With the 2010 vintage, Bordeaux now has back-to-back classics in dramatically different styles
Stephan von Neipperg is pumping his fist, throwing short jabs in the air. He’s winking and smiling. “The 2010s just have more,” he says emphatically. “They have more punch. More terroir. They are straighter and longer than 2009. They are really special.”
Von Neipperg owns several estates on Bordeaux’s Right Bank, including Château Canon-La Gaffelière, La Mondotte and Clos de l’Oratoire, as well as a portion of Château Guiraud in Sauternes. His enthusiasm is on full display, and he speaks for most producers in Bordeaux when they compare the two most recently bottled vintages—2010 and 2009. The earlier vintage was no slouch; I rated 2009 96 points (on the Wine Spectator 100-point scale) on the Right Bank and 97 points on the Left Bank. But producers are giving a clear edge to 2010.
“In the wines, the alcohol levels are slightly higher in 2010 than 2009. But the 2010s have more acidity and so the perception of the alcohol is not as strong,” says Stéphane Derenoncourt, who produces his own wine at Domaine de l’A in Castillon while also consulting for many estates, primarily on the Right Bank.
Since last year’s report on Bordeaux, I have blind-tasted more than 1,000 wines from the 2010 vintage in France’s most recognized wine region. Of the approximately 865 red wines, 45 (5 percent) earned classic ratings of 95 points or better, while overall nearly 420 (48 percent) earned outstanding ratings of 90 or more points. This bests the results from the ’09 vintage in both score ranges. The 2010 dry whites are also excellent, though not quite as pure as the ’09s or as fresh as the coming ’11s. The sweet wines of Sauternes and Barsac also excelled in ’10, with rich, tropical profiles, though they don’t quite have the delineation of 2009 or 2001.
Based on my tastings in both Bordeaux and Wine Spectator’s New York office (all formal reviews are generated from blind tastings), I rate the 2010 vintage 99 points on the Left Bank and 98 points on the Right Bank.
In general, the 2010 reds show more structure, both tannin and acidity, with more definition and energy than 2009. The vintage isn’t shy on fruit or punch, as von Neipperg and other producers note. But the extra acidity and slightly lower yields, compared to 2009, result in more grip on the finish; the 2010s are well-balanced and perfectly designed for long-term cellaring. They stand in stark contrast stylistically to the more opulent and fruit-driven 2009s, which are more forward and flattering.
The 2010 growing season was marked by a cool spring which led to a low berry set. From there, the vintage was markedly dry but not overly warm, so the smaller grape bunches and smaller berries ripened with thick skins but without losing acidity or developing cooked flavors or rugged tannins. “Very cool nights in August and September preserved the aromatic freshness,” explains David Suire, who works with Nicolas Thienpont overseeing production at prominent St.-Emilion properties such as Châteaus Larcis Ducasse, Pavie Macquin and Beauséjour Duffau-Lagarosse.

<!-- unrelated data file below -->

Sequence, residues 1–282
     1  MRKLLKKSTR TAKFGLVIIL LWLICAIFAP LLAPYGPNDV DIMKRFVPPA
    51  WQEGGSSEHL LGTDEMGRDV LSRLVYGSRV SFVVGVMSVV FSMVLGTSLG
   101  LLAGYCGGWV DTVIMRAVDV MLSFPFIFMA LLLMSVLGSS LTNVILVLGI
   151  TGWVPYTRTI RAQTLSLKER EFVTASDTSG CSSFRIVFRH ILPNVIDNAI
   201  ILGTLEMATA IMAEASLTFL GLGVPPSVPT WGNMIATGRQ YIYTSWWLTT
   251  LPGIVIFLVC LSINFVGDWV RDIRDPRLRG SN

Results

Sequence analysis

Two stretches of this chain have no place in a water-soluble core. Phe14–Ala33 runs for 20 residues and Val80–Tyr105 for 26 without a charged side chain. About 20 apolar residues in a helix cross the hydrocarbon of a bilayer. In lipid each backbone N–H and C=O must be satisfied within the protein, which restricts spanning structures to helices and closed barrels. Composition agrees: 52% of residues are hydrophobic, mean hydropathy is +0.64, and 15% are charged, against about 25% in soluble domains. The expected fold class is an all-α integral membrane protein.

In the large and scattered St.-Emilion appellation, Merlot is the lead grape, though Cabernet Franc can play a key role. Many of the top wines there are among the more large-scaled wines of the vintage, especially those from the gravelly soils of the appellation that rely heavily on Cabernet Franc.
The immense Château Cheval-Blanc St.-Emilion 2010 (98, $1,440) stands apart from the pack. Others where Cabernet Franc and even some Cabernet Sauvignon play a role include Château Angélus 2010 (97, $375), Château Canon-La Gaffelière 2010 (96, $103) and Château Figeac 2010 (96, $300).
Atop the plateau of St.-Emilion, the terroir changes to limestone, and the wines take on a racy, more minerally profile. Highlights there include the refined La Mondotte 2010 (97, $400), marked by a strong graphite note, and the Château Pavie Macquin 2010 (96, $143), one of the most aromatically expressive wines of the vintage.
Of the 169 St.-Emilions in this report, 108 (nearly two-thirds) earned outstanding ratings. And in this large appellation, there are savvy cellar buys to be had. The Château Barde-Haut 2010 (93, $40), Château Fleur Cardinale 2010 (93, $60) and Château La Tour Figeac 2010 (92, $41) should reward a decade of additional bottle aging while carrying friendlier price tags. The outlying appellations from St.-Emilion are rife with delicious values as well. Those consumers willing to forgo label prestige should scour Castillon Côtes de Bordeaux and Fronsac for wines that deliver St.-Emilion-like profiles at reduced prices.
Senior editor James Molesworth is Wine Spectator‘s lead taster on the wines of Bordeaux.
For more value recommendations and to learn about the Left Bank reds, Pomerol reds, dry whites, sweet wines of Sauternes and Barsac, and other Bordeaux in 2010, read the full article, “Power Play,” in our online archives.